A SECRETIVE and influential Labour group has received a record-breaking amount of political donations in 2024.

Labour Together – a think tank that helped Keir Starmer into power and purge the party of Jeremy Corbyn and the left wing – has been given nearly £2 million from (mostly) wealthy corporate donors so far this year.

According to an analysis of Electoral Commission data, the group has received a total of £1.92m – representing 56.5% of all political donations to regulated donees, as in those not made directly to parties.

This dwarfs the next largest recipients, which includes shadow minister Wes Streeting and Welsh Labour leader Vaughan Gething (below), as well as other prominent political organisations and elected office holders.

The record-breaking start to the year for the think tank can be linked to its largest donor – billionaire hedge fund manager Martin Taylor – who gave more than £1.3m in the past two months alone.

His two single donations of £825,000 and £500,000 in March and April respectively are the largest recorded in Electoral Commission data for regulated donees since their online public records began in 2013.

It comes as Keir Starmer’s Labour have made huge efforts to court big business, including removing the cap on bankers' bonuses.

The second biggest donor to Labour Together in the past year is South African-born businessman Gary Lubner (below), who leads Belron – the world's largest vehicle-glass repair and replacement company. He donated more than £600,000 since January 2023.

The Labour Party themselves received their highest-ever yearly amount of private donations across 2023, aided by Lubner, who gave £4.5m.

The largest single donation of £3m was provided by Lord David Sainsbury, the long-standing Labour supporter.

Lord Sainsbury was a major donor when the party was last in power, serving as a minister in Tony Blair’s government.

He later cut off his support to the party as it shifted to the left under Jeremy Corbyn’s leadership, but returned to the fold in 2022.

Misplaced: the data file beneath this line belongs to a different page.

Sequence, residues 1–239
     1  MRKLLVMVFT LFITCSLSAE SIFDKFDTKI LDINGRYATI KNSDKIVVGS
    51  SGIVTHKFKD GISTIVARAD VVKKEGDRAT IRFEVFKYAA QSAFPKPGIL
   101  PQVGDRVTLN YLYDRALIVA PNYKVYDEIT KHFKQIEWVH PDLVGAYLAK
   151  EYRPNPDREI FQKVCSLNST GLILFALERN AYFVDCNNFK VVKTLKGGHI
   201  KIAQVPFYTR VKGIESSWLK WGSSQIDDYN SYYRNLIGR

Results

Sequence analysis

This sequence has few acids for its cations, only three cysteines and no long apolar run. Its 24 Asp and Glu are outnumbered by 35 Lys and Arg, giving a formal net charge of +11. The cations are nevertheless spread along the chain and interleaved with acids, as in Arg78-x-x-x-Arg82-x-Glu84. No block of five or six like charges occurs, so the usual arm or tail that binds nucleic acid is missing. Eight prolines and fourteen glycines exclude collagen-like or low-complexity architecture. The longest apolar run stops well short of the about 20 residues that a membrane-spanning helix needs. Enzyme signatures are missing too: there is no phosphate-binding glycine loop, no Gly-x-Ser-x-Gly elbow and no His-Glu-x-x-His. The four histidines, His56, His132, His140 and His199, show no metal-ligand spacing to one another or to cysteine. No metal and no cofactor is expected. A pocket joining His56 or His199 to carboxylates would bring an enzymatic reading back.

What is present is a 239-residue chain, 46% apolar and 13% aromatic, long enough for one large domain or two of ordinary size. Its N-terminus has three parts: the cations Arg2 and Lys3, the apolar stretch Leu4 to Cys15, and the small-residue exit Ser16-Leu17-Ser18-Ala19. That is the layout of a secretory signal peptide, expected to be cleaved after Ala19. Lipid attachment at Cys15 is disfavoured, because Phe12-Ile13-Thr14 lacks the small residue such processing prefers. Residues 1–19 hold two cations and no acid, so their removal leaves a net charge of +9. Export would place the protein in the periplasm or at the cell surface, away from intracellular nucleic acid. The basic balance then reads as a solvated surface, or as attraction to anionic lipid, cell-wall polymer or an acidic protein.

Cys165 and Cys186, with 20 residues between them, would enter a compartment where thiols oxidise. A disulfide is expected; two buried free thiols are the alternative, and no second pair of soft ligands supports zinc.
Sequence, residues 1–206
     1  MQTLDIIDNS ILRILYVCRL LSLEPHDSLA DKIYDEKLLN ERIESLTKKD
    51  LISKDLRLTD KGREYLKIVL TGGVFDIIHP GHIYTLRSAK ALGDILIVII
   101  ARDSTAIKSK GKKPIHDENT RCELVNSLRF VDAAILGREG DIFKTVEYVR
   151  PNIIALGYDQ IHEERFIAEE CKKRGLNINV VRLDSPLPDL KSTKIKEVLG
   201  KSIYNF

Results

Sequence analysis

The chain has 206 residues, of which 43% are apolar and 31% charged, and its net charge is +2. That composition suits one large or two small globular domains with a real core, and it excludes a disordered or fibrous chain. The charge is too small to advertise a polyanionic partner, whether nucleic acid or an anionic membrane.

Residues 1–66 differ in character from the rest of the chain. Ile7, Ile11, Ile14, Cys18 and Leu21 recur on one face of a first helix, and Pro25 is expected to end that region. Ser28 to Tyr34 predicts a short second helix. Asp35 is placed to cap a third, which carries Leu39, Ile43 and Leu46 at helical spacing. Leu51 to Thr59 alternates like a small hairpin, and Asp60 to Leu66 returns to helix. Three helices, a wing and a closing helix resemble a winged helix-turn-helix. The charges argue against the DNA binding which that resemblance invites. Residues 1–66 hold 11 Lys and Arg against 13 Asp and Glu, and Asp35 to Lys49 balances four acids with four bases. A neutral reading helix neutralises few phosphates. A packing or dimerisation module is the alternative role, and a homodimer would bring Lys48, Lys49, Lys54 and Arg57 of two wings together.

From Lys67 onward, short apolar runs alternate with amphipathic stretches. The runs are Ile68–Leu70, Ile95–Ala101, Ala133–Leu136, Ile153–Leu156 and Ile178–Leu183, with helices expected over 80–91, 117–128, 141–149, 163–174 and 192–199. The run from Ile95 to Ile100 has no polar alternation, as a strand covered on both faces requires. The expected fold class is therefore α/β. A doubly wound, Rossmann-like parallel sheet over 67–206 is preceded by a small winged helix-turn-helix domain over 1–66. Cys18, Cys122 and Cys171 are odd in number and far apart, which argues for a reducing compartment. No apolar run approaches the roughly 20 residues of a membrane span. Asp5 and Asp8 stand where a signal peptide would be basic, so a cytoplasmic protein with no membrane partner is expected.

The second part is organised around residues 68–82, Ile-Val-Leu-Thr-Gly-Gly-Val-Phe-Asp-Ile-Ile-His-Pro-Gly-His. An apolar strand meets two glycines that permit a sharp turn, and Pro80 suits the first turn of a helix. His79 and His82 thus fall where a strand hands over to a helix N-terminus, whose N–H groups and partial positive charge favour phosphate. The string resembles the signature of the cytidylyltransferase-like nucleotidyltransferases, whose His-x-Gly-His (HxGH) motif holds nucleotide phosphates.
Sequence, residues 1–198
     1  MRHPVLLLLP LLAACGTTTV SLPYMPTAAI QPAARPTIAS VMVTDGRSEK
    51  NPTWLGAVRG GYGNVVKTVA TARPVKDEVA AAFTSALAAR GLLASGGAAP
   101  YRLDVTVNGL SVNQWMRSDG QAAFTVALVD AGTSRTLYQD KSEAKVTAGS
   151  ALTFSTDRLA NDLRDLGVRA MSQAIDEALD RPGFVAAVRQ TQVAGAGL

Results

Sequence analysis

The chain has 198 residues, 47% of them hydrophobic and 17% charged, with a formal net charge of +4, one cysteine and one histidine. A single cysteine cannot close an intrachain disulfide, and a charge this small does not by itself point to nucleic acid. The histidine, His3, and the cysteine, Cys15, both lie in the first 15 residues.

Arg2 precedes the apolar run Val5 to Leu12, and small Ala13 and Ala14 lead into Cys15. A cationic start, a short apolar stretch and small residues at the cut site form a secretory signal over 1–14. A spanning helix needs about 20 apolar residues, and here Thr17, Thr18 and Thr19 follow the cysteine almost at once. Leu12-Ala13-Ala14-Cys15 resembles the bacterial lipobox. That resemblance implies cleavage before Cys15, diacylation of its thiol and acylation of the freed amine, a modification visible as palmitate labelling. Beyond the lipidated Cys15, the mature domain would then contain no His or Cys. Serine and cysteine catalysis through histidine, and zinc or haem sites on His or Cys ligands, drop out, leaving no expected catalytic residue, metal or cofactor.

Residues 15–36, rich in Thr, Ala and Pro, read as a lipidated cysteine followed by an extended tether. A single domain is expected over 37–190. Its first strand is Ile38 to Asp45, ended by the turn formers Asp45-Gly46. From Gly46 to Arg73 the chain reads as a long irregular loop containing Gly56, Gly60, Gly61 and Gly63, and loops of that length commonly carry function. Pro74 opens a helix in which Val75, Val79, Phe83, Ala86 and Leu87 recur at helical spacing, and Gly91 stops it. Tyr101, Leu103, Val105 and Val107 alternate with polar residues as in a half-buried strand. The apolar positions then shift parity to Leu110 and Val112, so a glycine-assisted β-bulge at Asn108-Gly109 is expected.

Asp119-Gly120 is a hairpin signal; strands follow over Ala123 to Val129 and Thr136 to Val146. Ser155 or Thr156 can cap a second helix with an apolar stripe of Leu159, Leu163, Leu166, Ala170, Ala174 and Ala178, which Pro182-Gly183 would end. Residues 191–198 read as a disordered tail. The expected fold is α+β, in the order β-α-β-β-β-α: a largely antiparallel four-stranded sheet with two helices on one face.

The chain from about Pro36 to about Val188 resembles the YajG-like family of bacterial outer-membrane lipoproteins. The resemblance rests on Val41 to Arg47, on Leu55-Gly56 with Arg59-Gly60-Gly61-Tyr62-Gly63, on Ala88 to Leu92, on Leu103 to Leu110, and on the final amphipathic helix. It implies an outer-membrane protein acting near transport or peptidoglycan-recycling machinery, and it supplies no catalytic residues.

Of note, the third-largest donor to Labour Together since the start of 2023 is Francesca Perrin – Lord Sainsbury’s daughter – at £210,000. Her father gave £137,500 to the group in April this year, with her husband William also donating £50,000.

Perrin was recently made a director of Labour Together according to Companies House.

The philanthropist, who previously held Government advisory roles under both Blair and Brown, also donated £1m to Labour last year.

But what is Labour Together and how influential is it?

The National: Labour leader Sir Keir Starmer holding an 'In Conversation' event in Glasgow

LABOUR Together has been instrumental in the rise of Keir Starmer and purging the party of the left wing.

Formerly known as Common Good Labour, the group was first set up in 2015 by John Clarke, the former director of Blue Labour – an organisation that advocated for a more culturally conservative Labour.

The name was changed to Labour Together a few months later, according to Companies House.

The mission? To wrestle back control of the party from their left wing, aided by new funding from donors opposed to Jeremy Corbyn’s leadership.

This included backing Keir Starmer – both resource and monetary-wise – during the 2020 leadership contest.

The group – which was previously fined and found guilty of breaches in electoral law for failing to declare £730,000 in donations between 2017 and 2020 – is now heavily linked and influential in the Labour Party as it prepares for power.